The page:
managers like Schwab (SCHW), PIMCO, State Street (STT) and Blackrock (BLK), Fidelity’s new funds could help to expand its audience and create a “stickier” customer base. The recent announcement coincided with the retirement of Rodger Lawson, Fidelity’s second-highest ranking executive. Lawson, who will be leaving the firm at the end of March, recently noted that the firm may consider opening actively managed ETFs modeled after its sector mutual funds, known as the Fidelity Select funds,” Don Dion Reports From The Street.
Dion continues to say, “While the timing of Lawson’s announcement may be surprising, the ETF industry is becoming an increasingly popular destination for large asset managers. In an article earlier this month, I suggested that Fidelity was “late to the ETF game.” However, as investors shift assets from traditional mutual funds into lower-cost ETF models, Fidelity’s hesitancy is costing the firm. Since 2007, iShares, recently acquired by Blackrock, has gained more than $126 billion in assets. Fidelity, according to the Wall Street Journal, lost more than $15 billion in assets during that period.”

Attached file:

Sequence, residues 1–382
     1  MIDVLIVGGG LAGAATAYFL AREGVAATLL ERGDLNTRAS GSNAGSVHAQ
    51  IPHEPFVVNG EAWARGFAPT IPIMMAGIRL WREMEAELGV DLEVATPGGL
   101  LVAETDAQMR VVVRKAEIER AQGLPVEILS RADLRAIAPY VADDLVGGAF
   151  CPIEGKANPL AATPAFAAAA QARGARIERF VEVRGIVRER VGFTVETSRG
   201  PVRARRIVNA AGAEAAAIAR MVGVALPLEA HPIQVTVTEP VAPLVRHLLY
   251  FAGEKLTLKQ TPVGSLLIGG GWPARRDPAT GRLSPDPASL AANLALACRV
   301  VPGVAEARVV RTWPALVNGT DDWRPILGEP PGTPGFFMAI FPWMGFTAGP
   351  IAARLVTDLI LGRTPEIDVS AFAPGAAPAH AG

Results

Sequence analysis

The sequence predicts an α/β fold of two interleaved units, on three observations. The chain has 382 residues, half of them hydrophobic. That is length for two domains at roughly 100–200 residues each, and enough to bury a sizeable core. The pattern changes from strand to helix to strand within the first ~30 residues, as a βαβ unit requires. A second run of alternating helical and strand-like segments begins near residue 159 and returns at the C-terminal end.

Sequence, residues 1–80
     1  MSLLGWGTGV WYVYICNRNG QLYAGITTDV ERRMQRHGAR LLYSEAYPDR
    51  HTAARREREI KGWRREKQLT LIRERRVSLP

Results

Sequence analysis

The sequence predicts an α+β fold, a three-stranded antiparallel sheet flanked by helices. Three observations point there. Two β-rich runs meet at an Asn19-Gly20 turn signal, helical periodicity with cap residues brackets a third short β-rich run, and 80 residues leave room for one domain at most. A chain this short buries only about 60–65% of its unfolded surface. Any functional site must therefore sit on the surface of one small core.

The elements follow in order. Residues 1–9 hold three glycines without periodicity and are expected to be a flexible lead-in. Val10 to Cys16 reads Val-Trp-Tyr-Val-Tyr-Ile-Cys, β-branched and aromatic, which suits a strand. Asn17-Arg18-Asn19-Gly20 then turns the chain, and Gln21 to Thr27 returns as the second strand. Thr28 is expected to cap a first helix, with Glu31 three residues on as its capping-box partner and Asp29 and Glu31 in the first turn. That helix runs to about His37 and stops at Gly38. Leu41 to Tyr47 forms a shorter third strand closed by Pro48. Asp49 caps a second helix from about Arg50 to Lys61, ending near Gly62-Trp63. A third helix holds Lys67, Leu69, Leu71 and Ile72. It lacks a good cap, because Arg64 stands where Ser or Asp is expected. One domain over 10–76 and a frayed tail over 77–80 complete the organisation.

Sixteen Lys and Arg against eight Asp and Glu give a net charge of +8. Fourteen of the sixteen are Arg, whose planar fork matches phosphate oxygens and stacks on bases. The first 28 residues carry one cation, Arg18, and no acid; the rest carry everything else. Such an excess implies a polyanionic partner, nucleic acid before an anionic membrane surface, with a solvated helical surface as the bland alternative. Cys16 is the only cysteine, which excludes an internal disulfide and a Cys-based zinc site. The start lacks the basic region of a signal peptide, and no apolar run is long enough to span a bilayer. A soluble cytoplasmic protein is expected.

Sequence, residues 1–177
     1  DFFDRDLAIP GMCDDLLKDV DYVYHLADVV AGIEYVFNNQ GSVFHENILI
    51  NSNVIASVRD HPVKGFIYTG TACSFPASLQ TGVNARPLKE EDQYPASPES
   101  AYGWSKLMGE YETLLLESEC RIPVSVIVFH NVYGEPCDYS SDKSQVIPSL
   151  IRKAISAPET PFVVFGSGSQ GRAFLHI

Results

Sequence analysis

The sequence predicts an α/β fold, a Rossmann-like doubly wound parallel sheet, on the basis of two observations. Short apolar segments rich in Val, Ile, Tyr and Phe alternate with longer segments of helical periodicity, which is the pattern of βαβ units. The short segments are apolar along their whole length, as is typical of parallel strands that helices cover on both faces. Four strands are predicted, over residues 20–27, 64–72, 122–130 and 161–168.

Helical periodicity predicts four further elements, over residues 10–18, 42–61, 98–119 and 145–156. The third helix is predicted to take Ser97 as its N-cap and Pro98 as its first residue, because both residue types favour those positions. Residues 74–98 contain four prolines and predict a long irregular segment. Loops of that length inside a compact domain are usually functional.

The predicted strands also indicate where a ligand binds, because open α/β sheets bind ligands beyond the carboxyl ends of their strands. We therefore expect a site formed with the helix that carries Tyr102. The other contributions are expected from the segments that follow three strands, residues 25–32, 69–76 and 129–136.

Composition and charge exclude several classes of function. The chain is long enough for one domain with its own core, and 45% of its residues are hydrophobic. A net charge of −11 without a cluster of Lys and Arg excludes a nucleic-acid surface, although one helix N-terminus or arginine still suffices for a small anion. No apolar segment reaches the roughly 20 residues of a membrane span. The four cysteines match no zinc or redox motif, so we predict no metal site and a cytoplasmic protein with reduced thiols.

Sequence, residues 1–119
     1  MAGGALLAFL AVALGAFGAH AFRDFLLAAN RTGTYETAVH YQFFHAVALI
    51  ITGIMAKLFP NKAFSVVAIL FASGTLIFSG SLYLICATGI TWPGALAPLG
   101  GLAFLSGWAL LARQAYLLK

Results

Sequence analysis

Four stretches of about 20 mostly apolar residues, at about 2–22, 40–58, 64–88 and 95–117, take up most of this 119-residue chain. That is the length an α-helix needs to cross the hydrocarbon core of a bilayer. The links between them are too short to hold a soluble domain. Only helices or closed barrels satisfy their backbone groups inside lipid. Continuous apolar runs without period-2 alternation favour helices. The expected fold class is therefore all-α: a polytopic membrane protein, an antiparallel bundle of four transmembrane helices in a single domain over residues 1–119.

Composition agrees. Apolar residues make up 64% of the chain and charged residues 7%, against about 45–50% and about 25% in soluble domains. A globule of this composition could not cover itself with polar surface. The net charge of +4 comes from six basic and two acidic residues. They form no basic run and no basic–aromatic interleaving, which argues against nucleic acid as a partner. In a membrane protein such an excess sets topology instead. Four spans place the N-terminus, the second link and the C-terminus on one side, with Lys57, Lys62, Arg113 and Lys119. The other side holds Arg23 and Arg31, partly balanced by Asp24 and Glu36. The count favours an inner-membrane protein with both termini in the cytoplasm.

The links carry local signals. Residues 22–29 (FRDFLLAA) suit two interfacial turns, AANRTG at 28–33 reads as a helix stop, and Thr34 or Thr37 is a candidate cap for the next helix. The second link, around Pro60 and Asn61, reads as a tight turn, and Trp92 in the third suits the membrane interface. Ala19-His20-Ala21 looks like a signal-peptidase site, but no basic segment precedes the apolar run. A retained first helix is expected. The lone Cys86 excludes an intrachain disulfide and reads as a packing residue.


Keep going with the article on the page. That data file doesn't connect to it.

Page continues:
“The latest trend in ETF development, an area where Fidelity hopes to make its mark, is “actively managed” funds. Fidelity’s plan to launch proprietary ETFs is a logical addition to existing ETF tools as well as a logical extension of existing Fidelity Select Funds, which track individual market sectors. Fidelity currently offers ETF research on its website. As ETFs become a more fundamental part of 401k planning, Fidelity’s dominance among this group of investors could come under pressure if the firm doesn’t develop the new funds expediently. 2010 could prove to be an interesting year for Fidelity, as both financial firms and investors grapple with the changed economic landscape. While the process of developing and launching successful ETFs is a challenge for any firm, it will be an obstacle that Fidelity has to overcome to stay relevant,” Dion Reports.
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